All joking aside that the story was written at a Jaguars game, where fans have some very legit reasons not to want to see the on-field product, the story addresses why attendance numbers have been sinking for the NFL since its' 2007 peak.The Jaguars realize that in the fight for fans’ attention and wallets, their competition is not just from college football and other sports, but from fantasy football, social media and the highlights, statistics and online discussion that can sometimes be hard to follow in stadiums but have become an essential part of N.F.L. Sundays.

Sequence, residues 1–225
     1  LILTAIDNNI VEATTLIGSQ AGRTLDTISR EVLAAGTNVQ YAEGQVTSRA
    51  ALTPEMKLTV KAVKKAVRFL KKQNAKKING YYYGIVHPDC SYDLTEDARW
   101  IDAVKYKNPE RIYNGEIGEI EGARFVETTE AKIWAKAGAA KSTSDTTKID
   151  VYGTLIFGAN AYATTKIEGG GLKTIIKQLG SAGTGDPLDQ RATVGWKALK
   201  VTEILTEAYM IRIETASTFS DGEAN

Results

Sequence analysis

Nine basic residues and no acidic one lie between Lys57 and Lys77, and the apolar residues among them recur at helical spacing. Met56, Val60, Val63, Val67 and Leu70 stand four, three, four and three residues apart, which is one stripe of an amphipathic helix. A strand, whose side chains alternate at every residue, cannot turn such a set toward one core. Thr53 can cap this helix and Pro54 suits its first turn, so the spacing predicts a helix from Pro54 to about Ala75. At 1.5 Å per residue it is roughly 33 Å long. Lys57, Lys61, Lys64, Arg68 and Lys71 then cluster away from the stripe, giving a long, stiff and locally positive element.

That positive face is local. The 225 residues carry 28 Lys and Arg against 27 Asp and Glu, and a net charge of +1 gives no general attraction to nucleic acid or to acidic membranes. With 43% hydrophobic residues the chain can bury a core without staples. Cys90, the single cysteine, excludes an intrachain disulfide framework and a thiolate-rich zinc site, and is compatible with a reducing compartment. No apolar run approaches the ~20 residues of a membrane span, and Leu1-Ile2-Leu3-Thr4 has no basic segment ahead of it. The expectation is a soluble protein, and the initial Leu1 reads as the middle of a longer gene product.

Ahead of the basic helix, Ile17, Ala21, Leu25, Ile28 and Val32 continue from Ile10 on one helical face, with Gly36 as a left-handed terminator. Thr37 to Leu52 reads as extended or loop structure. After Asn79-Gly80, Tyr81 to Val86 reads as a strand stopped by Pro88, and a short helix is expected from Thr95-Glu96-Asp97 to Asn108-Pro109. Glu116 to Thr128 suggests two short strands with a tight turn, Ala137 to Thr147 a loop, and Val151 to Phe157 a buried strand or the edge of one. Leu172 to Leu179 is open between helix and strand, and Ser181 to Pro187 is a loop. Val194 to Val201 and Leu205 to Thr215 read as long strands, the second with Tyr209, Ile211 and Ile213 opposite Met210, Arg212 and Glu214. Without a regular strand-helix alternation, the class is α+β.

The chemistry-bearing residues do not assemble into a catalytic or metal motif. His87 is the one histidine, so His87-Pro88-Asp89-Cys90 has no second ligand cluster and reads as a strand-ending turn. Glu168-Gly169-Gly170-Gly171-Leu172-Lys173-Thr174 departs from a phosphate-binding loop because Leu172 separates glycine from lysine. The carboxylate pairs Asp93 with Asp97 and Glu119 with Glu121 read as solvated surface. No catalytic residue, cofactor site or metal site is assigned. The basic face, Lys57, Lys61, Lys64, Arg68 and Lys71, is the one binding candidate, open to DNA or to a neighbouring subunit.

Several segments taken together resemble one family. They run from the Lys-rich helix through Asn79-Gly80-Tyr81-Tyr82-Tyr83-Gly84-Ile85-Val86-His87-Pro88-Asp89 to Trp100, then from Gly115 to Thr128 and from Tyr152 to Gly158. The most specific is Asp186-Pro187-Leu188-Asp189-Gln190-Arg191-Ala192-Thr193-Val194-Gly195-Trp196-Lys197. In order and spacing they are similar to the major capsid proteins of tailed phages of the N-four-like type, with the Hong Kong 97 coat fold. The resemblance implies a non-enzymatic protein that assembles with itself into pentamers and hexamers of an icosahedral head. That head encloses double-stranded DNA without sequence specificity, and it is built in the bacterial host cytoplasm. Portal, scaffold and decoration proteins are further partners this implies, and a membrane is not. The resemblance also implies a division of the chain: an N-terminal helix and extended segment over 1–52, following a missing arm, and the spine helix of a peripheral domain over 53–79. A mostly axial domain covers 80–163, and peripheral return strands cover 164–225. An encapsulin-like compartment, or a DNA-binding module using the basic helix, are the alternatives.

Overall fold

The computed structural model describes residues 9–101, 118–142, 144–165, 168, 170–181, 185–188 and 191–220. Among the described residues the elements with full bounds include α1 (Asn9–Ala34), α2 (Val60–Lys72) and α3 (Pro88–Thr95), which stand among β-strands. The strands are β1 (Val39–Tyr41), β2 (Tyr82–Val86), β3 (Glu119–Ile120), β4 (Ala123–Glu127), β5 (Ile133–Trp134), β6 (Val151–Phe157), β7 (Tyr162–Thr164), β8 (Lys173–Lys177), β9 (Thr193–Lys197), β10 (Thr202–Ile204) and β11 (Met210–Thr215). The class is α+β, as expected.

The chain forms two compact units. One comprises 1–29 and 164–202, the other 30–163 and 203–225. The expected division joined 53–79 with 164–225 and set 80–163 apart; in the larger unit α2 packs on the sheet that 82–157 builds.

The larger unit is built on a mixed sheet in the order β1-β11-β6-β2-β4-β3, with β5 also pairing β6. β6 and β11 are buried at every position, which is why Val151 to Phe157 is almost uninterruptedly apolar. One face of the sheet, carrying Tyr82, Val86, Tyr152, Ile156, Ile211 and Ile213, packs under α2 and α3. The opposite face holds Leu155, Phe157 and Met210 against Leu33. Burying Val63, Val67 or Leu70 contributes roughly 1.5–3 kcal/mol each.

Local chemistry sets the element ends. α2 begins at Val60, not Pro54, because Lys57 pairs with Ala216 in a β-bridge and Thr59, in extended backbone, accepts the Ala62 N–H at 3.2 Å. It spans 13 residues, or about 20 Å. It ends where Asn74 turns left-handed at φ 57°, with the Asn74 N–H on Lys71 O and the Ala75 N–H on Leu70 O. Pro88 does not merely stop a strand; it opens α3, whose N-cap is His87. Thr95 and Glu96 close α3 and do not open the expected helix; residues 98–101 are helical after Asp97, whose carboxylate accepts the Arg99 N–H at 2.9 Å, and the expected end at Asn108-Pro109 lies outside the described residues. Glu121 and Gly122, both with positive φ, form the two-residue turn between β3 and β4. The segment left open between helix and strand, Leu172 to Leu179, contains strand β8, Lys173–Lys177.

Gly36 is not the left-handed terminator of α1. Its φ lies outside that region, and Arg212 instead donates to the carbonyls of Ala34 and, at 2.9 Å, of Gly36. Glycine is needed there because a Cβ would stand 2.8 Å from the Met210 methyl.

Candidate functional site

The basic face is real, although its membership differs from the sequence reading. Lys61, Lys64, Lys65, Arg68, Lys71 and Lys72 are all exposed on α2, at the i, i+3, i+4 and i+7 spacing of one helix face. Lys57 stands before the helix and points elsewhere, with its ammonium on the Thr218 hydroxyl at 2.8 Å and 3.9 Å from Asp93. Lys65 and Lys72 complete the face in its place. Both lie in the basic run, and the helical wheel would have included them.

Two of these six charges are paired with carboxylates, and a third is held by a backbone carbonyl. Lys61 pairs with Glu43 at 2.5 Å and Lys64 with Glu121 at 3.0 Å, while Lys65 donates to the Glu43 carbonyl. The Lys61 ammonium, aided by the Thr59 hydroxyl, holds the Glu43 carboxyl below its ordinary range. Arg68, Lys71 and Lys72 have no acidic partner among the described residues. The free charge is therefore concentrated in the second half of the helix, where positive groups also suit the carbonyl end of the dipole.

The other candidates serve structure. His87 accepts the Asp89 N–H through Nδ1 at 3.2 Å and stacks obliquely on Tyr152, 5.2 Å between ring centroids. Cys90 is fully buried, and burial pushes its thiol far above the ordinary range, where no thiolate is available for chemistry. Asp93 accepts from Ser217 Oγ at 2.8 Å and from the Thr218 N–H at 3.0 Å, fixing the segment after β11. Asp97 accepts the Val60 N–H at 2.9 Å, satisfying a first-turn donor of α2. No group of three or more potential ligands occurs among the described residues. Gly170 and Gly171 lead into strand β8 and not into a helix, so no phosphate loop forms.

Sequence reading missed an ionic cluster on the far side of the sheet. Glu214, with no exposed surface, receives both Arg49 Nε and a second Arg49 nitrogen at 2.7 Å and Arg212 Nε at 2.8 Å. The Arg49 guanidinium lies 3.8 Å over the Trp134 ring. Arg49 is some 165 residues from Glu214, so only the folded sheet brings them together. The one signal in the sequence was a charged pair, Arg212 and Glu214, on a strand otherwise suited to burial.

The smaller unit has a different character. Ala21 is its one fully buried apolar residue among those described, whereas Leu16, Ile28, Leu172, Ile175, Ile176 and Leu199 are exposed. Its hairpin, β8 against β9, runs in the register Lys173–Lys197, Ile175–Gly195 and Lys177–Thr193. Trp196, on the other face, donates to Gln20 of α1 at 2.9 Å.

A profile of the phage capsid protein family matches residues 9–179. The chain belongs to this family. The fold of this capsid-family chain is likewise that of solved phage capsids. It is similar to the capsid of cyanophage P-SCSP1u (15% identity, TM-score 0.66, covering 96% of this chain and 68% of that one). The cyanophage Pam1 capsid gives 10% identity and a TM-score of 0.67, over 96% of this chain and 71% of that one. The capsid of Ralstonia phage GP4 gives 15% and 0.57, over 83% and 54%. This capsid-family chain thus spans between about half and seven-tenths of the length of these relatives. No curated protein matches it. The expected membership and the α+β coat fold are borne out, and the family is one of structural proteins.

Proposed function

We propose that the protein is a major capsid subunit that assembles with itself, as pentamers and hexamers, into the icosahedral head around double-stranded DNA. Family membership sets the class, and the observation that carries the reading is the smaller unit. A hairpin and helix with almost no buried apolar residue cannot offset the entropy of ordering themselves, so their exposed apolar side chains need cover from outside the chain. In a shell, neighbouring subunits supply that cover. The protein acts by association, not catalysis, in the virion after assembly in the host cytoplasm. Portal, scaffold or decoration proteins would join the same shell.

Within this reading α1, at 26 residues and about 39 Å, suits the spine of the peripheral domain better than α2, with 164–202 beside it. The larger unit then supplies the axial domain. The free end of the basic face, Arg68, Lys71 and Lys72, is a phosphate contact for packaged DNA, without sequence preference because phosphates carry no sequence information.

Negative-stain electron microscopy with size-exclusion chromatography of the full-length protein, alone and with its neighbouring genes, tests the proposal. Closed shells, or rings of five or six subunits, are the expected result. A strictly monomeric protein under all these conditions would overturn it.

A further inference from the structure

“The teams are asking whether the TV has gotten so good that the snake starts to eat its own tail,” said Andrew Billings, who teaches sports media at the University of Alabama and is a co-author of “The Fantasy Sport Industry: Games Within Games.” “You’ve offered such a good product at home that people don’t go. Yet the product is good in part because you have so many screaming fans.”
Those attendance issues also exist in MLB, where ticket sales make up an ever-shrinking portion of team and league revenues. As Kruse suggested - perhaps only half tongue-in-cheek - "maybe admission should be free."